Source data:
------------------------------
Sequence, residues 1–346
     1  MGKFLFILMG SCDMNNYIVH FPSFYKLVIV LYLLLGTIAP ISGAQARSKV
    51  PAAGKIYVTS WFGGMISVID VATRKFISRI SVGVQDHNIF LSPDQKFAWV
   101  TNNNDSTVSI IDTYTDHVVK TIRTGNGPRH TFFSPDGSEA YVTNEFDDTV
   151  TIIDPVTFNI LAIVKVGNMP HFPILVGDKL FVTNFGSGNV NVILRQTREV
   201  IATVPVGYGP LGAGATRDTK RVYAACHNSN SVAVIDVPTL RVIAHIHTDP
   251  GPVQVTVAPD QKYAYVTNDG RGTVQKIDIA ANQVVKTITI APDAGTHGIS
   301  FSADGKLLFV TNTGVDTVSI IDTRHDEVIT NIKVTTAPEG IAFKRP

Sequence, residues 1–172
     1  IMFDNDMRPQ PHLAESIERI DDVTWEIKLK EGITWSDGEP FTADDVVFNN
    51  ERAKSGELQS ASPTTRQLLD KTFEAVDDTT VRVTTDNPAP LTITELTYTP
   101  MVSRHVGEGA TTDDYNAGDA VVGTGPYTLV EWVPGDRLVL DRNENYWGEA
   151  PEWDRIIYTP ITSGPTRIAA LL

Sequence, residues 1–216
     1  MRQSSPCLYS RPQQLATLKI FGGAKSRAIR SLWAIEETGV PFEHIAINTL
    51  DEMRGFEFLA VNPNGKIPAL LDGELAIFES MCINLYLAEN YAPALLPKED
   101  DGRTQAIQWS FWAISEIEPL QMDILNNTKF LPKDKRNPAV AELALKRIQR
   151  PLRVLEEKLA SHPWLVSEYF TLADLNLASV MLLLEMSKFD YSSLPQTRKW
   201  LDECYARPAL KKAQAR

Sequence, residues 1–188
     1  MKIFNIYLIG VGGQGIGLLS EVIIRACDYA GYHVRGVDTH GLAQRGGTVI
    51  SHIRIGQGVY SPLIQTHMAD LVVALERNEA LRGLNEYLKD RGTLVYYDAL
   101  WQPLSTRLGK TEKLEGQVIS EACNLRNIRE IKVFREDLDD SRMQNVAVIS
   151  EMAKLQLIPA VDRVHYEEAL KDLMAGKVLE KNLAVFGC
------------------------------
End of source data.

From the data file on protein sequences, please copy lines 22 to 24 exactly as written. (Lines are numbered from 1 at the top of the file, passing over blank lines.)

    51  SHIRIGQGVY SPLIQTHMAD LVVALERNEA LRGLNEYLKD RGTLVYYDAL
   101  WQPLSTRLGK TEKLEGQVIS EACNLRNIRE IKVFREDLDD SRMQNVAVIS
   151  EMAKLQLIPA VDRVHYEEAL KDLMAGKVLE KNLAVFGC